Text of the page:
An ambitious plan to connect Australia’s one million expats with jobs back home will be launched by the Advance organisation – the only group that connects Australians living and working overseas.
The federal government-funded Advance.org in partnership with global job site Indeed has released research showing many highly-skilled Australian expats find it extremely difficult to find work when they return home.
“It’s time Australia recognised that the market is global, that capital flows globally – and Aussie talent isn’t just at home – it’s global too,” said Maria MacNamara, the newly appointed CEO of Advance.
“We can do better at demonstrating the value to Australia of employing bold Australian professionals, who have overcome challenges and shown the determination to succeed in a foreign land,” she said.
“There are corporations, universities and government employers all missing out on our own highly-valued Australian talent,” she said.
MacNamara said that Advance is building a platform to digitally connect Aussies with Australian organisations who need access to their skills. The platform will be launched in late 2020.
“Australian business leaders are desperately seeking skills, technology and investment opportunities to keep their companies competitive. They want professionals in the areas of cybersecurity, data, robotics and AI.” said MacNamara.
MacNamara said that Advance would help Australian recruiters and corporations connect with the off-shore talent-pool.
Australia’s skill shortage has prompted the Federal Government to deploy government staff overseas to recruit 5000 highly-skilled workers in a range of industries – with a particular focus on the tech sector.
It recently announced it was targeting the United States, Singapore, Santiago, Shanghai and Dubai in an ambitious search for international talent, however, the recruiters have not been told to focus on Australian talent.
“That’s where we can assist,” said MacNamara. “Advance is central to solving this challenge, and we think the government can be looking at Australian expats first,” she said.
Advance.org is in constant contact with Australians living and working overseas who receive updates and attend events in places like Shanghai, Beijing, Singapore, Jakarta, San Francisco, New York, Tokyo and London.
“We need to expand and connect with expats in more places like Hanoi, Tel-Aviv, Toronto, Dubai and Dublin,” said MacNamara.
“We will be ramping up our programs to celebrate and introduce talented Australian expats directly to those who want to tap into their unique skills,” she said.
Advance will hold the Advance Awards this month to recognise some of Australia’s most impressive expats and next year for the first time they will introduce the Australian World Summit as part of their ongoing efforts to promote expats.
“It is time to showcase more of our talent and the opportunities they bring with them, from economies around the world that are at the cutting edge,” she said.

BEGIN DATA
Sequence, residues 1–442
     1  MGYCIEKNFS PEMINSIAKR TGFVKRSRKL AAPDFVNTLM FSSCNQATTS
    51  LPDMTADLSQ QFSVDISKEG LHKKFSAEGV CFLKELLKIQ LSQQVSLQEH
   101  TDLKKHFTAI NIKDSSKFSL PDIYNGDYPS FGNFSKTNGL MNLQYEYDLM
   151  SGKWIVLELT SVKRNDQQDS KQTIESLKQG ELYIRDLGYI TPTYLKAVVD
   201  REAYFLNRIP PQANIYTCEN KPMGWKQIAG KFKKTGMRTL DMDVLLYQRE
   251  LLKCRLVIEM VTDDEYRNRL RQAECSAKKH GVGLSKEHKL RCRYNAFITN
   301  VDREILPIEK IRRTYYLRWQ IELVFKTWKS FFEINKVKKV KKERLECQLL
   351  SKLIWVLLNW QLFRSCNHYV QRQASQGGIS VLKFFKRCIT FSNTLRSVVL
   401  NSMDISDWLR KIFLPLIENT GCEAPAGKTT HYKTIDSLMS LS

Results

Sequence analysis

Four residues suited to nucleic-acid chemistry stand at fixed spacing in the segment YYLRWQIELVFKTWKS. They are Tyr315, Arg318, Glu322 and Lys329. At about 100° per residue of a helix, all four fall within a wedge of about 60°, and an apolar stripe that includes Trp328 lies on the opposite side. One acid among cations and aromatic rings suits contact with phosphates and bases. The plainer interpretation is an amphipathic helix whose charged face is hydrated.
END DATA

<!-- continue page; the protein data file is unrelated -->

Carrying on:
MacNamara said that Advance has intentionally relocated to Stone & Chalk in the Sydney Startup Hub to connect with corporates, entrepreneurs and investors looking to expand.
It currently partners with companies like NAB, Atlassian, KPMG and GE Health.
“We want to connect our expats with all future-focused organisations that see their market as global,” she said.
“Most people are surprised that close to a million Australians live and work abroad. We know many high-skilled workers leave Australia to gain experience overseas,” said MacNamara.
Advance Awards winner Professor Carolyn McGregor, an expat who moved to Canada to take up a Research Chair position, is an example. McGregor has led pioneering research in big data analytics, internet of things, serious games and cloud computing.
She does this research within the context of critical care medicine, homecare, mental health, astronaut health, along with military and civilian tactical and firefighter training. While McGregor hasn’t returned home, she is now collaborating with UTS and WA Health – sharing her global experience and IP.
“Winning the Advance Tech Innovation Award has allowed me to build a professional network in Australia and give back to my country, thanks to Advance,” said McGregor.
Chairman of Advance Yasmin Allen said that the board of Advance had appointed MacNamara as CEO because of her experience in digital transformation, entrepreneurship and innovation.
“Our new drive will be about identifying Australian ingenuity and more actively linking it to our public and private sector organisations, as well as research institutions and Universities,” she said.
“We can supercharge the engine driving our economy if we tap into the large and amazingly talented pool of global Australian talent. They can be game-changers in the new digital economy.
“Our next step will be a ‘shout out’ to all the talented Australians living abroad to make sure they’ve registered with Advance,” she concluded.